As for the city’s massive events—well, those won’t be back anytime soon. In addition to restricting crowds, the current phase of the Las Vegas reopening bans all live entertainment, from Cirque du Soleil shows to concerts from the likes of Gwen Stefani and Afrojack. And there is no set date for when they may return. “We don’t know when it will be possible to host large scale events again,” said a spokesperson from Caesars, where Mariah Carey is usually a star attraction. Pool parties and all-you-can-eat buffets, another Vegas show pony, are also on hold. At the restaurants that do reopen on June 4, such as the upscale Restaurant Guy Savoy inside Caesars, tables will be removed and repositioned to cut capacity to 50 percent, and online or disposable menus will become mandatory. And though, technically, the main drag through the city—the Strip—will be open, crowds won’t be allowed to gather (and the buskers that draw them will also be banned under the live entertainment restrictions).
Despite the unique challenges of reopening Las Vegas, there’s a heightened sense of urgency. According to LVCTB, the leisure and hospitality industry is the number one economic driver in southern Nevada, and creates more than 40 percent of the region’s jobs. Last year, the city of Las Vegas raked in $58 billion in tourism dollars. (Los Angeles brought in $27 billion from tourism during the same time period, according to the Los Angeles Tourism & Convention Board.) The now-mandated cuts in capacity mean an inevitable cut in profits. And while there is some talk that casinos will soften the blow by upping minimum bets, the tourism board has yet to share concrete details on how they plan to make up for such losses. “(For now) it’s about guests enjoying experiences they have not been able to have at home,” says Brunelle of LVCTB. Like so much in this uncertain era, it sounds like we’ll have to wait and see.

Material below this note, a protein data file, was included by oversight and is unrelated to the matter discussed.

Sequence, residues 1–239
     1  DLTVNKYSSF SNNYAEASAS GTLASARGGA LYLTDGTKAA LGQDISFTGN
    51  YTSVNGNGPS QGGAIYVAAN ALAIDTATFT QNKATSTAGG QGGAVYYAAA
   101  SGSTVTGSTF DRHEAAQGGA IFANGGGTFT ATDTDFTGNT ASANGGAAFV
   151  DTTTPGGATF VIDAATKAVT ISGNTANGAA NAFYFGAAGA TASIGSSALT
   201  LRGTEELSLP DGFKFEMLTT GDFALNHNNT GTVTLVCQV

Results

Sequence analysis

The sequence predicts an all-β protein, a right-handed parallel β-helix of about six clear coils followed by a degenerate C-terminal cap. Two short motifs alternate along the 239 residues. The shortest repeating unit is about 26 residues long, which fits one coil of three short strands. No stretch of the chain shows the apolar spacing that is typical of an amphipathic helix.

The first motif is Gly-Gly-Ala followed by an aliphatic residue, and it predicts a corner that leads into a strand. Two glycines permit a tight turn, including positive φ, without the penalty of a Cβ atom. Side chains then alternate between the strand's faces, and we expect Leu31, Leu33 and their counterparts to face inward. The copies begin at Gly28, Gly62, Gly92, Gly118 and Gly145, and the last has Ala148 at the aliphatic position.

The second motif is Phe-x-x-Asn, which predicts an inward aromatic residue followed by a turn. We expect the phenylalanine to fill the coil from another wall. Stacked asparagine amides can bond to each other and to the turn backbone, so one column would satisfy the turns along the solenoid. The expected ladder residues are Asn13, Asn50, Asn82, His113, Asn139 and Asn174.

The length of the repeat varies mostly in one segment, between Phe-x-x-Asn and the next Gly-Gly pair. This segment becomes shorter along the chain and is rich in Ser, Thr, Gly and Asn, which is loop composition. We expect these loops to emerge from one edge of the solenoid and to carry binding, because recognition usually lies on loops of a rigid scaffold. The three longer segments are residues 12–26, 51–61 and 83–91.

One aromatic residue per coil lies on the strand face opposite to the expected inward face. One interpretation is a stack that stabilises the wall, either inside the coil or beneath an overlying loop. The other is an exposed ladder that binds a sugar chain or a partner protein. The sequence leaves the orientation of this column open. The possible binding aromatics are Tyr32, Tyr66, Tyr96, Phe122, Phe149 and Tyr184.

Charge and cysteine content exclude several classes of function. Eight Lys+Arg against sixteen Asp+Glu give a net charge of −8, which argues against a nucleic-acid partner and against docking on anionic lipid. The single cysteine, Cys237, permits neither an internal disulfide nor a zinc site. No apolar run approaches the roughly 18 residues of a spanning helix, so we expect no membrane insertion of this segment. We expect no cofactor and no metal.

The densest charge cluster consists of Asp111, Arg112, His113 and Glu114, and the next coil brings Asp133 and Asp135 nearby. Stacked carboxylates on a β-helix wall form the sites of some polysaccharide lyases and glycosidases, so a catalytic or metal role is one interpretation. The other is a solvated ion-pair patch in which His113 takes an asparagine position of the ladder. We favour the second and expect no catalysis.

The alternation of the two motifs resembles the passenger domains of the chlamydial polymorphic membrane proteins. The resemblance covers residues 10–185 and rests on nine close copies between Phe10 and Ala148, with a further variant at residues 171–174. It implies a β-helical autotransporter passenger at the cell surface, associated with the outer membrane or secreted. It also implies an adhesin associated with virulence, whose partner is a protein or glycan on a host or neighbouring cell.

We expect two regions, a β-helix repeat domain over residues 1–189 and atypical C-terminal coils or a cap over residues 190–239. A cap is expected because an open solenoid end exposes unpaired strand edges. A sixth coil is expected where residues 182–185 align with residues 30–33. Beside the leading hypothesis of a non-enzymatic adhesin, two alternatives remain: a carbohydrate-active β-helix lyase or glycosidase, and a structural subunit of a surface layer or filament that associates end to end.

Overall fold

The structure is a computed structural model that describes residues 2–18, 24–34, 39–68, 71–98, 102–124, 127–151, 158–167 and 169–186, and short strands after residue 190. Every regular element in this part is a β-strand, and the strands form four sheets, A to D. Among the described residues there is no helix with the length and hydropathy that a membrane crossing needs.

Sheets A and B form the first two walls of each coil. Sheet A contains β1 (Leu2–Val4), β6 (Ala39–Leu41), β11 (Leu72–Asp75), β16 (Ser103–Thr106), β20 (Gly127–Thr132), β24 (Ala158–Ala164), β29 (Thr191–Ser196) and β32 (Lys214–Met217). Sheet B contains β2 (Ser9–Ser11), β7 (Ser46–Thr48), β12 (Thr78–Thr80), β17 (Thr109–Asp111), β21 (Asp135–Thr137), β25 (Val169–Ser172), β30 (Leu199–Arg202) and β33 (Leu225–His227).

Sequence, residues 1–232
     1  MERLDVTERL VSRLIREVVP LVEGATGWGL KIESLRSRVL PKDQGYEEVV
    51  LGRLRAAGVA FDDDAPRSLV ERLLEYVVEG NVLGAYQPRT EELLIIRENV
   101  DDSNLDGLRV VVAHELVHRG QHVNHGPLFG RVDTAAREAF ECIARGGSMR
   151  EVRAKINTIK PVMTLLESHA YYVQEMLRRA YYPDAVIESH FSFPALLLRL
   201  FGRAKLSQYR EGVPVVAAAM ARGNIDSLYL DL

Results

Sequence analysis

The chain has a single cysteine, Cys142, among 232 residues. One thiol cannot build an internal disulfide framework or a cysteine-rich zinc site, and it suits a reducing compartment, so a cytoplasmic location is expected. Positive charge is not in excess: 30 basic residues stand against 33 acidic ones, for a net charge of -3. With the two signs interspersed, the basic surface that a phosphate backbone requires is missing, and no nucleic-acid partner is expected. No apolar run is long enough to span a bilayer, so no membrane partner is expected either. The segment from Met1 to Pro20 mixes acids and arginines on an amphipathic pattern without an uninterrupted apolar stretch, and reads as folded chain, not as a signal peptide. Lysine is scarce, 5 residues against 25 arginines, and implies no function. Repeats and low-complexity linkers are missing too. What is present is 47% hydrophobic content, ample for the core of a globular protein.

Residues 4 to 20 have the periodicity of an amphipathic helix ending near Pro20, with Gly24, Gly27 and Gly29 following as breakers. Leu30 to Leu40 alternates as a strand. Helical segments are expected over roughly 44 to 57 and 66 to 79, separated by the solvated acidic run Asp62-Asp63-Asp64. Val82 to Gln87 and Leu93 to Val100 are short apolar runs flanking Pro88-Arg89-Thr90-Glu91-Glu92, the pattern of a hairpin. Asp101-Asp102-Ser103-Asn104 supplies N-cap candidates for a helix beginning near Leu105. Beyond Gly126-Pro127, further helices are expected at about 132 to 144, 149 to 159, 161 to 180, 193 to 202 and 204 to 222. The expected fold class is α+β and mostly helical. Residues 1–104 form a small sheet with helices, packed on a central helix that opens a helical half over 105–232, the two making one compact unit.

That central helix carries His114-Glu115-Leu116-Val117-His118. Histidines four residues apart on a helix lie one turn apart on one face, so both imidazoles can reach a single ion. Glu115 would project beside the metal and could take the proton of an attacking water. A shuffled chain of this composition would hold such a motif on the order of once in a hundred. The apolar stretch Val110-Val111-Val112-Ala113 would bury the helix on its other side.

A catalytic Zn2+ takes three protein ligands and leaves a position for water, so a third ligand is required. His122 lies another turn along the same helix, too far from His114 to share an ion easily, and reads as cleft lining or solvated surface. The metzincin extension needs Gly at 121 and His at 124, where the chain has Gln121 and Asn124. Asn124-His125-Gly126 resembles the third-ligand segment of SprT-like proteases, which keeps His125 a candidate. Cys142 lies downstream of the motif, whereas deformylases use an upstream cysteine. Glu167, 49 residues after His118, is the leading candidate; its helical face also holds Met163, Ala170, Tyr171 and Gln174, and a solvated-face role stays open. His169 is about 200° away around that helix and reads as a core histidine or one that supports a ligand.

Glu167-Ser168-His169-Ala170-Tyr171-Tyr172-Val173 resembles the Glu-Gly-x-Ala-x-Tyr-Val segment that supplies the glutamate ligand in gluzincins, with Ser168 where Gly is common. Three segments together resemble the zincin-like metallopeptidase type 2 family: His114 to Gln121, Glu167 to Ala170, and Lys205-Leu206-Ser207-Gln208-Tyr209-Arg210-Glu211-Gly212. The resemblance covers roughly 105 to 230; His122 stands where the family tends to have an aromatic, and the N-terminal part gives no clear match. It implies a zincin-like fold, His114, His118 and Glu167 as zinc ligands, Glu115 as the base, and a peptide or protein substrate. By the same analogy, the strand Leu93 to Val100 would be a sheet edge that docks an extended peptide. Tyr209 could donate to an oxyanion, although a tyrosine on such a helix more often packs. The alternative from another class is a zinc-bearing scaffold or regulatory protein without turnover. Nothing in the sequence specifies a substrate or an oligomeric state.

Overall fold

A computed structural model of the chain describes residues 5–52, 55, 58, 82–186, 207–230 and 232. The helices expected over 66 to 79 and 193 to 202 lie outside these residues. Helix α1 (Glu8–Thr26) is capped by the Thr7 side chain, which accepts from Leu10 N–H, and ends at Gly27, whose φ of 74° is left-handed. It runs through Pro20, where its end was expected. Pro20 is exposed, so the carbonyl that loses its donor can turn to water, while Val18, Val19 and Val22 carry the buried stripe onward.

Naturally, there are plenty of people hesitant to resume traveling amid the coronavirus pandemic, which has already caused many travel restrictions and the closure of popular tourist destinations. The lack of tourism is financially devastating many businesses in the travel industry, so many destinations such as the Keys have decided to cautiously reopen to visitors.
In an interview with TravelPulse, the president of the Monroe County Tourist Development Council, Stacey Mitchell, reassures travelers that the safety of tourists, locals and employees will be the Key’s top priority upon reopening.
In fact, it is because of safety concerns that the Monroe County TDC decided to reopen on June 1 rather than a popular tourism time period like Memorial Day Weekend.
“We are opening up per the state guidelines, in phases,” said Mitchell. “And right now we’re in Phase 2, which allows businesses to open at 50 percent maximum whether it be restaurants or retail shops, and we really wanted to give residents a chance to get used to being out and about. Rather than just go ahead and open up the entire county to residents and visitors, we are doing so in a measured slow roll.”